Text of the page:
I don't imagine that ASO & the UCI will want to see a riders' strike every other stage, nor the French labour unions putting up road blocks etc. PR nightmare.

David Suro said:
Maximum security prisons are among the most highly guarded and structured institutions in the world. Yet it is still easier to find illegal narcotics in a prison than on the street.
That raises another problem- bribery. The teams only have to find one among the hundreds of people it would take to keep the riders under surveillance, and the whole thing would be a joke.
 
Mar 13, 2009
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I disagree that bribery would be a problem, if the structure was sound, and there were degrees of separation, and rotation of security. There would only be one dozen individuals that would be marked as candidates for bribery. When you narrow the pool to those riders, it makes the strucure and focus easier to put in place.
 
Jul 16, 2009
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well it is feasible

i mean 30 years ago if you told someone that ther ewould be a day when a man knocks on your door any time of the night and he will follow you into a bathrooom and squat down 10 inches from your pecker watching you pee into a little cup we'd have said impossible/ no one allow civil liberties/ the cost, and so on

now, its part of the territory

isn't the argument we all sacrifice a few liberties for our own protection? (ability for a clean rider to win)

would each sponsor pay a $100k security fee for that right?

heck, give the security guy a camera and some film and they can sell the video a year later for $500k to discovery channel

i think you are onto something, its not as though the sport isnt at a desperate point in time no?
 
Aug 12, 2009
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blackcat said:
the keirin paradigm suggests otherwise. This is not an Orwell big brother police state. All it is, is taking the drugs out of the doctors and swannies hands, and making sure the riders movements are monitored for the three weeks.

Who is the politician with the political capital to facilitate it?

It is actually quite simple, you overestimate the impossibility.
I've read a lot of your posts blackcat. Heck someone on the SBS site said I was you because I was being realistic about Cadel. That aside I've noticed your dialogue has an overwhelming tendency to draw upon elaborate and colourful grammar and wordsets that imply your argument/points are intelligent. This isn't always the case.

For example:"Overestimate the impossibility." Impossible is by nature improbable. One cannot overestimate it as it cannot exist and is less than likely to be fathomable.

We get you don't trust jonathan Vaughters. But your proposal is unrealistic. Firstly the general public do not view cycling from your perspective. Even if you are correct and Wiggins and Vande Velde are not riding clean the media has been presented with the very proposal you suggested, one where the riders have been painted as clean and off the juice. Its only yourself and a select group that doesn't trust JV and Garmin.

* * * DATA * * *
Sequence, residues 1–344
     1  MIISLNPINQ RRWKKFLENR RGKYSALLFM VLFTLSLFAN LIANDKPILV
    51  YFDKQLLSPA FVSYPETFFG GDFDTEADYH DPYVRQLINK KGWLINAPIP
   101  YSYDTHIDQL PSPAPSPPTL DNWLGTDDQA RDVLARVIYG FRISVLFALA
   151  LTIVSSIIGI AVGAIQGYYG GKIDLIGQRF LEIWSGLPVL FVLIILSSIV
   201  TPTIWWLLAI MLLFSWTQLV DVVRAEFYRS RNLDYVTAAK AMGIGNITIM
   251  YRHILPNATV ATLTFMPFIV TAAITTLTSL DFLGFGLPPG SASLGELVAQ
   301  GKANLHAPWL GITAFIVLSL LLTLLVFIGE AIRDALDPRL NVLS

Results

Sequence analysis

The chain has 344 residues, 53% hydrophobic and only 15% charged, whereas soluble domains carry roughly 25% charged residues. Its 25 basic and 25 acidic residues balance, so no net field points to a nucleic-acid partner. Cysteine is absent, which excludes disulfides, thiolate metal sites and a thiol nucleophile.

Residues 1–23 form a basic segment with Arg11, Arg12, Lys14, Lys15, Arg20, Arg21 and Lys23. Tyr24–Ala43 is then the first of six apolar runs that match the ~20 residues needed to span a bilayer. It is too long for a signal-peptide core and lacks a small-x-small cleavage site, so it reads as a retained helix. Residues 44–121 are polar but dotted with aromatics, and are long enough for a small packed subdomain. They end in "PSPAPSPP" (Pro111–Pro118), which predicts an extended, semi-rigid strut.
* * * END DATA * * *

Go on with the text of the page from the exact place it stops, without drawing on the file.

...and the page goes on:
Firstly a realistic future cycling scenario needs to address accountability. Accounting has many principles that cycling and policing of riders should draw upon. Reliability and relevance for starters. The media need to be given a swift kick in the pants. They are not relevant, nor reliable, especially the commentators. They are part of the problem. I was frustrated beyond all measures with their lack of racing acumen and understanding of simple tactics and strategt. Most people need to ask themselves why the media persecutes some dopers and gives others preferential treatment? Suspended sentences, fervent disapproval of letting past dopers ride and yet media darlings getting a nice hug and plently of media coverage. Consistency is crucial. Also I've noticed some media outlets subtly suggest a rider is dirty, but only when their own countryman have been beaten. Why not be honest? Oh, the bottom dollar right. It's about advertising revenue.

Blackcat mentioned getting a tough politician in. Not good enough. The UCI needs to be rolled, and I dare say it, so does the IOC. Too much corruption, complacency and dirty history. For simple purposes, the same kind of thinking that created a problem cannot be used to solve it. But not in todays world. Leaders and authoritive bodies create the illusion they are doing something for the sake of appearing progressive. Governing bodies are reactive. They need to be proactive.

Doping needs to be stamped out. Blood volume protocols need to be implemented to a greater margin and unfortunately for the riders bans needs to be far more severe. Full blood volume mapping of riders (I know it will take 2 years to do) needs to happen. Testing for VO2max is not yet an option. It's like asking for dessert before an entree. Also the schaperone idea at grand tours is too intrusive and bordering on a limitation of natural human freedom. The western world will not tolerate it. Any reasonable person wold probably have seen and acknowledged this. By all means go into team hotels and buses but to place a limit on personal freedom and movement is far too extreme and costly. The system blackcat suggested is open to bribery from the word go. Slip your minder some cash and off you go.

A simply summary:
1. The media needs to be taken to task. Stop the favouritism and shoddy journalism. Facts, credibility and integrity. Take a look at the journo and comm students at your nearest university to get an idea of why this needs to change.

2. Revamp and restructure the governing body. The AFLD and ASO did a good job with testing last year in the TDF. The public misconception that the French labs are corrupt and dodgy is unreliable. Its more accurate to say they are independent and an example to how sporting/doping business should be run. People need to back up their statements with underlying logic and reason and risk reprimands if they can't.